The night before the clinic we stand out on the terrace under a full moon that is so bright it makes your eyes squint. No wonder, as the area is designated as an international star watching site because of the rarefied air. Mosses grow beards on the tree bark of the small trees, an indicator of the air’s clarity. The pollutants have yet to reach this refuge from modernity. It is both breathtaking and peaceful.
The next day, we wait several hours and will need to start the clinic late, as one of the coaches was delayed leaving Madrid. Oh, well, having come several thousand miles, I’m a captive audience. We wait. And eat. And the food makes the wait all the more worthwhile!
The Galician cuisine in this part of Spain is a mix of traditional and modern foods, as much as possible accessed and grown locally. Over the course of our stay, we sample tapas of pig’s feet and delectable potato-based squares, deer and wild boar sausage, as well as locally grown vegetables, steaks and pork chops. The food is exquisite, the local wine terrific, and the coffee is strong and rich. Julian has sourced his suppliers carefully to ensure top quality in everything he serves. (If you want a vegetarian, vegan or fish diet you may have to call ahead and I’m sure Julian will be most accommodating.)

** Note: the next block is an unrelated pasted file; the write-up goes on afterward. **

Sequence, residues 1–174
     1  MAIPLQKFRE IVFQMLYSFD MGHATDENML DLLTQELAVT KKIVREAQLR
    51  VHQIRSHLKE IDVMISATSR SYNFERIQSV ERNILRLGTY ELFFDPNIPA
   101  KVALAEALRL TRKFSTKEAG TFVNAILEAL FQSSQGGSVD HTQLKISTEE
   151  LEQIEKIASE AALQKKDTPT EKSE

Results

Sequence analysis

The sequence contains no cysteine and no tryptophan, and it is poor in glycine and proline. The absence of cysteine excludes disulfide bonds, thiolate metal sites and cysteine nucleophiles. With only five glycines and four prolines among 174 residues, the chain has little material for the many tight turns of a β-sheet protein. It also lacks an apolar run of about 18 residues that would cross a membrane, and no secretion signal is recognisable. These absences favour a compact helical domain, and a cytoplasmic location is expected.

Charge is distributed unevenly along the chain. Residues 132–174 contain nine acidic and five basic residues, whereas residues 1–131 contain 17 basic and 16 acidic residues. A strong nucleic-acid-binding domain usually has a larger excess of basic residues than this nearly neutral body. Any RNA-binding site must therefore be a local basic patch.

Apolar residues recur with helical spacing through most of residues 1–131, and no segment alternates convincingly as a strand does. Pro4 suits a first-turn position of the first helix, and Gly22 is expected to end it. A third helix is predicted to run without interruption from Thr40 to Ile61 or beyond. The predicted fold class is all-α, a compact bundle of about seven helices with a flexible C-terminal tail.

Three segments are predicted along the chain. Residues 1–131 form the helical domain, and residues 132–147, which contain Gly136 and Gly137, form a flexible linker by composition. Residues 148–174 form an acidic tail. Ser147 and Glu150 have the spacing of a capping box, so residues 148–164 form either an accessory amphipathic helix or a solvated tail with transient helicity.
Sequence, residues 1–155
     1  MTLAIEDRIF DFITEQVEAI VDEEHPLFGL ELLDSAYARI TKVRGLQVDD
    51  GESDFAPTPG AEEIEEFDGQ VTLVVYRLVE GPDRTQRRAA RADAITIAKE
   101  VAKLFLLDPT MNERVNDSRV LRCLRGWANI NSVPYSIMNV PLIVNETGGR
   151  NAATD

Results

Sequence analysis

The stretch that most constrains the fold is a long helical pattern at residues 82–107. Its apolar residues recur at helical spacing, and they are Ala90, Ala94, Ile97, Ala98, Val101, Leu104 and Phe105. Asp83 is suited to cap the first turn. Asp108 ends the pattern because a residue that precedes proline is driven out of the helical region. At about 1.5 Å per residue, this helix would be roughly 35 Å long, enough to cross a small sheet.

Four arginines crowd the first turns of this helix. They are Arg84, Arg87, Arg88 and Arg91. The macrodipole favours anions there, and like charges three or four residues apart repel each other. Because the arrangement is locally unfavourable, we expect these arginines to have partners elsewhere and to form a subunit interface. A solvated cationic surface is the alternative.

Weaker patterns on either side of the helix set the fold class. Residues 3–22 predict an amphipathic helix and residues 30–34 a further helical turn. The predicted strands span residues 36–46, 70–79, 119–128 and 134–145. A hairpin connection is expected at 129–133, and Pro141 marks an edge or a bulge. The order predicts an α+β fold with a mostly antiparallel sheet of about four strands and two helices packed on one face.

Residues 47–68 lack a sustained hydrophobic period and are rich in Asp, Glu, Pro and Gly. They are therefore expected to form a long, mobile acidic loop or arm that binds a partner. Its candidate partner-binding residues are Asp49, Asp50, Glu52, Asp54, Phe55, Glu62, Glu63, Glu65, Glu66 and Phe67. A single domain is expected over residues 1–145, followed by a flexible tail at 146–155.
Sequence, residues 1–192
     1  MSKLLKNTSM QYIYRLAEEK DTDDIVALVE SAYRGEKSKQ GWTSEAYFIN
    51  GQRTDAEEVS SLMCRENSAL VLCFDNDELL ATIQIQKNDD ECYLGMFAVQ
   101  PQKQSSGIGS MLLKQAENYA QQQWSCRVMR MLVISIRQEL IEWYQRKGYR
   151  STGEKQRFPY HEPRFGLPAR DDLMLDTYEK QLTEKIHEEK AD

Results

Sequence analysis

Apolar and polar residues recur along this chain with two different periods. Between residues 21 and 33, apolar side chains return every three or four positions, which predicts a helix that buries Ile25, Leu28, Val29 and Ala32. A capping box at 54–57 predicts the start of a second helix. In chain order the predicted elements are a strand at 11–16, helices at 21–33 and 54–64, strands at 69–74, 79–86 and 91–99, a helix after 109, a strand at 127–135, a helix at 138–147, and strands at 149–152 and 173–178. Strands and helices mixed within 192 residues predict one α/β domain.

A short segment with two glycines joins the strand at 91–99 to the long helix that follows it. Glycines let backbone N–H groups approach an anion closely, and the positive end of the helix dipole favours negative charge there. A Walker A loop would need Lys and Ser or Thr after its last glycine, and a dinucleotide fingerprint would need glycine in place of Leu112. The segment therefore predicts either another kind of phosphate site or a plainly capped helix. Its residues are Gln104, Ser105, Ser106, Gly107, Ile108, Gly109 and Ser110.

Julian’s coach finally arrives at 6 pm, and the clinic begins. Julian and I build up steam and synergy with the back and forth, on-the-fly translation. But it works well and gets better and better as the evening progresses. We end the first night at eleven and the coaches celebrate in the hotel bar until late into the night. I go to bed and sleep soundly, never better.
The next morning starts on time with all bodies present. The work on the Zone of the first evening has already built some incredible momentum. We progress through several strategies for maintaining the Zone, and the coach and athletes buy into it big time. Julian is a master with both English and Spanish and his stories support the material.